“So then, just as you received Christ Jesus as Lord, continue to live in him, rooted and built up in him, strengthened in the faith as you were taught, and overflowing with thankfulness.” Colossians 2:6-7 (NIV)
There are few things more frightening than being given a job that you don’t feel equipped to do, especially when it comes to the work of the church. There have been several occasions in my time here in Ghana when I have been called on to be part of the worship service because I am an “Osofu” (a pastor). These requests usually come while the service is taking place and, many times, I do not feel I have an adequate understanding of what is expected of me. It is debilitating and I frantically look for some help or insight to perform this function for the building up of the church at that moment. What a relief it is when someone sees my dilemma and explains what is expected of me so I can understand!
I have seen that relief on the faces of my students here at the E.P. Seminary as we work together on the tools to understand and teach the Bible. This is especially true of my students who are training to be catechists (think licensed ministers) who are responsible to teach and preach in churches that are not attended by an ordained pastor on a weekly basis. I can attest about their desire to serve God as best they can as teachers, but often their knowledge of the Bible comes down to remembering stories from Sunday school. As Ghana is modernizing, more a more people have access to televisions and are watching “pastors,” “apostles” and “prophets” who preach to huge crowds in large churches in West Africa. It is pretty daunting to compare your ability to teach and preach to these people whom your congregation have heard of or seen.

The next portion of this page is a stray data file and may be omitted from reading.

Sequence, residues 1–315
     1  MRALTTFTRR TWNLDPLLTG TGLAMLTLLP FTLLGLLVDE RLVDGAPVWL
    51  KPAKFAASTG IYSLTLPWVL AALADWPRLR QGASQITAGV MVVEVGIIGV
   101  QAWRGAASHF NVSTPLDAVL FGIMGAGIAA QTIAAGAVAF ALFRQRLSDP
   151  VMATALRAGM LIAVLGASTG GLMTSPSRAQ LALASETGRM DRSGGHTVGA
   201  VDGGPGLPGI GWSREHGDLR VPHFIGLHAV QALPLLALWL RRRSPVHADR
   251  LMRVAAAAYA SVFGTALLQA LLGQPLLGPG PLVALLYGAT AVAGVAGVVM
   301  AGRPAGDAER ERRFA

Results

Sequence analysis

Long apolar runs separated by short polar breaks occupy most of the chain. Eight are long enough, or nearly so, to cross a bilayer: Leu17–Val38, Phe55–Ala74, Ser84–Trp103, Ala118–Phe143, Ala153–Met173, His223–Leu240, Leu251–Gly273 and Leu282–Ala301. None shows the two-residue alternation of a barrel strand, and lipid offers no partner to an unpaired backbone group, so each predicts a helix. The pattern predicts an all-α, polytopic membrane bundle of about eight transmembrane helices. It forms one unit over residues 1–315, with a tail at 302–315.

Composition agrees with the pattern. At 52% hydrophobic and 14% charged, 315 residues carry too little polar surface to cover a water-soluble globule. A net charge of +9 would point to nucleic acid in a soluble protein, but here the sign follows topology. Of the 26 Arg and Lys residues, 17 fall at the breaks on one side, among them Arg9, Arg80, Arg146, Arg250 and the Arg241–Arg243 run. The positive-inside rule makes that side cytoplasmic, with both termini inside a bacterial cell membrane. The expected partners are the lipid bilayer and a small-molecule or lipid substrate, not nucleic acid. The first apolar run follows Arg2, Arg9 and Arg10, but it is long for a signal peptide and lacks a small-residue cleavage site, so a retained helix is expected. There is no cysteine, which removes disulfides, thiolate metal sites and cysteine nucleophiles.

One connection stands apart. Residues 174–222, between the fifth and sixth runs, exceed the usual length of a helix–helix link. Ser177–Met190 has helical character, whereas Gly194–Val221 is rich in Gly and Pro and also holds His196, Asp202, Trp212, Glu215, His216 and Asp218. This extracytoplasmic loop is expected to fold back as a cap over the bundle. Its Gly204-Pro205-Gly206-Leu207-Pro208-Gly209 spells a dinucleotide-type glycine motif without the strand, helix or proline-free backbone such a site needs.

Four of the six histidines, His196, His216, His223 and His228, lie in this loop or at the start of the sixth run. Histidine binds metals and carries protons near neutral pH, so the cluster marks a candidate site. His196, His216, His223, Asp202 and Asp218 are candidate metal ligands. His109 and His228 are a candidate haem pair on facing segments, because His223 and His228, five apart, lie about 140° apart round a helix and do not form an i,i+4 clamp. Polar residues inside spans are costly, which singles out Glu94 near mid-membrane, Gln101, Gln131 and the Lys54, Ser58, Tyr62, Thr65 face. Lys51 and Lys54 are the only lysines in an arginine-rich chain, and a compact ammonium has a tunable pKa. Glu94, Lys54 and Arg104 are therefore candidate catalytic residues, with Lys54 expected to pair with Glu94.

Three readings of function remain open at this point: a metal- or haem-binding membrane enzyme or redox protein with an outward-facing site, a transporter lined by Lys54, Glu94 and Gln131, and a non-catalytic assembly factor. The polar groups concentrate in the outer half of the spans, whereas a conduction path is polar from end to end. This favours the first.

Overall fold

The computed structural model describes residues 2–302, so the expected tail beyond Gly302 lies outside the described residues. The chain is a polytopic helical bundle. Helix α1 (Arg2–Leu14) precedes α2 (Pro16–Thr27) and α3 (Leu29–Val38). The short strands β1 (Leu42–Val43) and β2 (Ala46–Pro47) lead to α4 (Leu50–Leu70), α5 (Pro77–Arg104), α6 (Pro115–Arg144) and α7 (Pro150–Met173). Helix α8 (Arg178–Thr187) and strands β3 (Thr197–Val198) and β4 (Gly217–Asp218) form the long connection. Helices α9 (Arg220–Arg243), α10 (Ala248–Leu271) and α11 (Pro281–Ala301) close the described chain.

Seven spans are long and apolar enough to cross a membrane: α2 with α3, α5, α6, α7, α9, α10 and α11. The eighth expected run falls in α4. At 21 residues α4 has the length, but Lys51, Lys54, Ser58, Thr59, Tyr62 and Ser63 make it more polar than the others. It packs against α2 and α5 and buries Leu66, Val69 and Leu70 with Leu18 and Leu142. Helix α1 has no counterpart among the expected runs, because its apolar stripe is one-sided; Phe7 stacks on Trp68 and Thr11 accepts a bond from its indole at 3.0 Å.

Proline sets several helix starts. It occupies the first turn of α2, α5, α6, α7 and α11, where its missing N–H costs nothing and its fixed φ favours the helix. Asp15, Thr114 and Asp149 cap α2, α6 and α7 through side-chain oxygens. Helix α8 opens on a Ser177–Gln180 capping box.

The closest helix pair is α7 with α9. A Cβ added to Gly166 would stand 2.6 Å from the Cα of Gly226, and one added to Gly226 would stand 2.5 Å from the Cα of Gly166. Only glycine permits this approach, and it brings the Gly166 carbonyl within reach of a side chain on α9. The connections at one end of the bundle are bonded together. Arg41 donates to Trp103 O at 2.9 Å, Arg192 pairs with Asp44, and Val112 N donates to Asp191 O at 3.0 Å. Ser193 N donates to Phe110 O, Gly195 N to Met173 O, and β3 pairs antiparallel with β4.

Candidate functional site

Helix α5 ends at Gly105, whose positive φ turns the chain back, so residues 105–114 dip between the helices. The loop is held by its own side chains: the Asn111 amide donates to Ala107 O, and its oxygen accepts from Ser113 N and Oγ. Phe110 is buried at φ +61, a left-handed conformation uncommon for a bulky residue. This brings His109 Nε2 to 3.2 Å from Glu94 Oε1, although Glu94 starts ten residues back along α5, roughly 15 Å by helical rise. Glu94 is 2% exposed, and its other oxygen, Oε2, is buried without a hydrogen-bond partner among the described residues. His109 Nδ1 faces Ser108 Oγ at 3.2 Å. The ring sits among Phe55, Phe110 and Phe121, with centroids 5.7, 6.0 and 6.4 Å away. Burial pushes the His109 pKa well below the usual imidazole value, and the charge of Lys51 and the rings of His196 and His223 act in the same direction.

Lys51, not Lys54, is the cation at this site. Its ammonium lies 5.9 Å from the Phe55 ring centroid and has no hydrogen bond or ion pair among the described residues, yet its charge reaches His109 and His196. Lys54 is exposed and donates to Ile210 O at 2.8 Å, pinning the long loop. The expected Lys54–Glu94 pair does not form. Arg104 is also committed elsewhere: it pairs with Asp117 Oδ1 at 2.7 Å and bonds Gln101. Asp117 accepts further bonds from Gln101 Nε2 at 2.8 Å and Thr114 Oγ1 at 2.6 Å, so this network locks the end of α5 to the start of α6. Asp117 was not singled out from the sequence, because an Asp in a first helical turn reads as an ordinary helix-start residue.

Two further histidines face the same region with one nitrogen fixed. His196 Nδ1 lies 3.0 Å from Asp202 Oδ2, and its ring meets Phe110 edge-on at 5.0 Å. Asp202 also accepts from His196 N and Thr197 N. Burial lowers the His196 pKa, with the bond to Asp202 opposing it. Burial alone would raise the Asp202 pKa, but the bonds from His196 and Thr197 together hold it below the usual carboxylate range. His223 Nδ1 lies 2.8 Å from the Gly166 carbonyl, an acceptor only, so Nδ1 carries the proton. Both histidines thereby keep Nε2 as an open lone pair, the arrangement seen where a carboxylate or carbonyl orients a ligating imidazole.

We have only a short period of time together as students and professors because taking time off of their paying jobs or businesses to come and study is difficult financially. Paying for room, board and tuition is also a financial burden that not everyone can overcome. So we focus on the tools for understanding the text: things like the author’s original intent to the original audience, the historical, grammatical background and using study tools such as commentaries and maps. When the Bible becomes a collection of books that make some sense in revealing the nature of God to us instead of a really large book just filled with stories, that look of relief and the strengthening of their faith becomes a really rewarding part of my work.
Gary Luallin, a member of Southside Christian Church (Disciples of Christ), Jacksonville, Florida, serves with the Evangelical Presbyterian Church, Ghana, as a university professor at the Peki Seminary. His appointment is made possible by your gifts to Disciples' Mission Fund, Our Church's Wider Mission, and your special gifts.